By Gregg Meyer, MD, Chief Clinical Officer, Partners HealthCare
The gap between development of AI and its use and integration in the clinic is closing, as technology, sophisticated algorithms, data sets, and computational capacity are now directly supporting both clinicians and patient care in clinical settings. Yet, realizing the full impact of AI for patient care and improved diagnostic decision making will depend on a wider community of patients, caregivers, legislators, and data scientists working together to maximize its potential.
AI’s path to implementation in health care began with a strong-hold in back-office functions. Record keeping and coding through natural language processing are two very real examples that are now making their way to office visits, and AI has helped improve the accuracy and speed of these and other operational applications. But what most patients want to know is, when will AI help my doctor make a more accurate diagnosis for my condition?
Patients are asking for AI to deliver meaningful insights on conditions that are specific “to people like me.” AI has the potential to take personalized medicine to an entirely new level, offering tools that create personalized results that apply either to specific populations or individuals.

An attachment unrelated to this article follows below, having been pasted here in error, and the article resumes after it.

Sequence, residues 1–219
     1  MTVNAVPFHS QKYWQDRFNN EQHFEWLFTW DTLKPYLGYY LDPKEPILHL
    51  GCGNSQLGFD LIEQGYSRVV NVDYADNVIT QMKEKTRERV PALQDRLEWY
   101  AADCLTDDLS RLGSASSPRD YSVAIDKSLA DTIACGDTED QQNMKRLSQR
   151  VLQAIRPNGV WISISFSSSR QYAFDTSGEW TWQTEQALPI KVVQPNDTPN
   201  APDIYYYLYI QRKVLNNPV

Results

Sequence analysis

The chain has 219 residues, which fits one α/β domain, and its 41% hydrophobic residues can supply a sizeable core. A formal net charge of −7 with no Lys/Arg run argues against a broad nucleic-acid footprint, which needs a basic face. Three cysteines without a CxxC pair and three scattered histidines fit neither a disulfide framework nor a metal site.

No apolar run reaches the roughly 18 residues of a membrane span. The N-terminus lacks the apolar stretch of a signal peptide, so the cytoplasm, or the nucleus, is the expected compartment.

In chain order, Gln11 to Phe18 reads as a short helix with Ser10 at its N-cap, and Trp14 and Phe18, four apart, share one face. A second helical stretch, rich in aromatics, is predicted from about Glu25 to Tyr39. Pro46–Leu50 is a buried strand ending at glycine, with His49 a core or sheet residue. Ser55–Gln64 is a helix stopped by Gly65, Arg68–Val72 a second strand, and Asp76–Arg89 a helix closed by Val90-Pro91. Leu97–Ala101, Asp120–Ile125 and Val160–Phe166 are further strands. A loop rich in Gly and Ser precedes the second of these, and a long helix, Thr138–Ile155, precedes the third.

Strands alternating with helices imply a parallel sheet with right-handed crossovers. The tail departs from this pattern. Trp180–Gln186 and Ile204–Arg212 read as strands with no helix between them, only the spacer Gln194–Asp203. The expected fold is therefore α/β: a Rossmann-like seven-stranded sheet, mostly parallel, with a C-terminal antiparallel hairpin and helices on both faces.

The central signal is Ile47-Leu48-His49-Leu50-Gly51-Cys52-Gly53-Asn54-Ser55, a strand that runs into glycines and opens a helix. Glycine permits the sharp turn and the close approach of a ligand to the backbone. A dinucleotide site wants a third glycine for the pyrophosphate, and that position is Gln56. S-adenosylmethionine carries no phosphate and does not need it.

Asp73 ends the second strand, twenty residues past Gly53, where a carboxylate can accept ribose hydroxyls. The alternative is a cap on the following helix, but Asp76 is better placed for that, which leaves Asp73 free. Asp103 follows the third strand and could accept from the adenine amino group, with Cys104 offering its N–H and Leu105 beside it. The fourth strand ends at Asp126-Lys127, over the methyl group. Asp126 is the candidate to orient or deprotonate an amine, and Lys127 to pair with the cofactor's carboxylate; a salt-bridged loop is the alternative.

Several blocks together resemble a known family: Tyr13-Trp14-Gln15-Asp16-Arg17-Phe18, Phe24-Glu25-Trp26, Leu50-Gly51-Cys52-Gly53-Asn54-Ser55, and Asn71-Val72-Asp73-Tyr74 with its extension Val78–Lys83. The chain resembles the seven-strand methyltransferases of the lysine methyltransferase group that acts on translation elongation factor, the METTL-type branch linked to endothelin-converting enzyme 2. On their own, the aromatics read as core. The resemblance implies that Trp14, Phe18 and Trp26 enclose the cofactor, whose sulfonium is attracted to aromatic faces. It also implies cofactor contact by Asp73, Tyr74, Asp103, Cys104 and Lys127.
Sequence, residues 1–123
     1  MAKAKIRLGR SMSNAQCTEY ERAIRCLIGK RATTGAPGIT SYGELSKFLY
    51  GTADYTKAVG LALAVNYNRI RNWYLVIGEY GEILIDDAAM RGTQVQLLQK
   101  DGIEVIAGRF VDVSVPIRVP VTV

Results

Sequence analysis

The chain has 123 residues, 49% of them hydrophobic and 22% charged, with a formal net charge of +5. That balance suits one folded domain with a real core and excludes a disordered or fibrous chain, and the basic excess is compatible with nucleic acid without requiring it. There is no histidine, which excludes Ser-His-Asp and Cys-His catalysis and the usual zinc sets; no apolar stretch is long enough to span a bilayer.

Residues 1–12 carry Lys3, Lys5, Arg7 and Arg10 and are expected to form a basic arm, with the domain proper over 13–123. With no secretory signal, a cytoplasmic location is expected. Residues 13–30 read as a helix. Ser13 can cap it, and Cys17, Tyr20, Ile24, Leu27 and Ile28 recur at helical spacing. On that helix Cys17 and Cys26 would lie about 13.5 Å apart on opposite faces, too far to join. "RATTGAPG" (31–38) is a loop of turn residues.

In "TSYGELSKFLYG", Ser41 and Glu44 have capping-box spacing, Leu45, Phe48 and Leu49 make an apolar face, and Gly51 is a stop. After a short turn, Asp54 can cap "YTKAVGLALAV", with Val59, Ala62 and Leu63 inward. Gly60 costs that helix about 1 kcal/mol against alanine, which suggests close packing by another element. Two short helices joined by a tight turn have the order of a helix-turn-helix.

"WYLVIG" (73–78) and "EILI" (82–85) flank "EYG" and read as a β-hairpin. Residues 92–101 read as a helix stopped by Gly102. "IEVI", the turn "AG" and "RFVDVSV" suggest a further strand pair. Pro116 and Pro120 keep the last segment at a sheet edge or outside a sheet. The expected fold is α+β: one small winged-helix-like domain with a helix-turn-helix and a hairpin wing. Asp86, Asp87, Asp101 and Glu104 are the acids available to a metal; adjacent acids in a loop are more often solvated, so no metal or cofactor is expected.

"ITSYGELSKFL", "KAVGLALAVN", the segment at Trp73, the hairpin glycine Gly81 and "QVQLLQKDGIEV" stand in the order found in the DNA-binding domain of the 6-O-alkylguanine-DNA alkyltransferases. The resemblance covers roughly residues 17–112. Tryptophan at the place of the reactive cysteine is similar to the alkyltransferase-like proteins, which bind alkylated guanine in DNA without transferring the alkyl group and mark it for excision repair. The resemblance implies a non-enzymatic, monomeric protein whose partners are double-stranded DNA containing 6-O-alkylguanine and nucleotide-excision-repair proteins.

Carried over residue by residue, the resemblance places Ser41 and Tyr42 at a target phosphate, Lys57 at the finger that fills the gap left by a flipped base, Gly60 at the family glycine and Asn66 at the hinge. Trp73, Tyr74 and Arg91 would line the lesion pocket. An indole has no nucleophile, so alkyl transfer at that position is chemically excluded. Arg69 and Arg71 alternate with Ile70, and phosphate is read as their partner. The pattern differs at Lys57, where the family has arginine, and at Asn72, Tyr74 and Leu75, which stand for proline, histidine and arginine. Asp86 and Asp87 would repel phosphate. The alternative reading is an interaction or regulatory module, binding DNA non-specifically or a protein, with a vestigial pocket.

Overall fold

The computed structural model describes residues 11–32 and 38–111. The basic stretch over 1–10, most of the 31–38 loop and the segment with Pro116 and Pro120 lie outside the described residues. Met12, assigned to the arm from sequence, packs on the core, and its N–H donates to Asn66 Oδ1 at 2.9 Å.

This next phase of AI development in health care depends on advancements in computing power, the composition and size of data sets, and the comfort level of patients, physicians, and regulators in managing and unleashing this potential.
Safe patient data repositories
To realize these advancements, it’s critical to develop safe data repositories without bias. This requires that patients and society at large engage more fully in health data collection and expand the thinking about contributing data to better understand personalized health experience and outcomes. Like our engagement with on-line banking and web-based commerce, which has become customary for most, we must manage the benefits and risks of data sharing while capturing its innumerable benefits, which in this case could be life-saving.
As providers we must also embrace the expanded role of physician data scientists, through development of critical skill sets that will be built, taught, and cultivated throughout medicine. Physicians with the ability to understand and use data in practice will be even better caregivers to patients.
If health care can harness data for improving patient care with the right guidelines and protections, it will continue to advance and realize the promise of truly personalized medical care and treatment. Let’s encourage healthy debate on how to navigate this in health care policy and regulatory considerations, while engaging consumers in understanding the value of data and AI in health care — it’s a massive education opportunity for patients and physicians alike.
Healthcare providers and members of venture and industry are invited to learn more about the future of medicine and clinical deployment of AI at the World Medical Innovation Forum.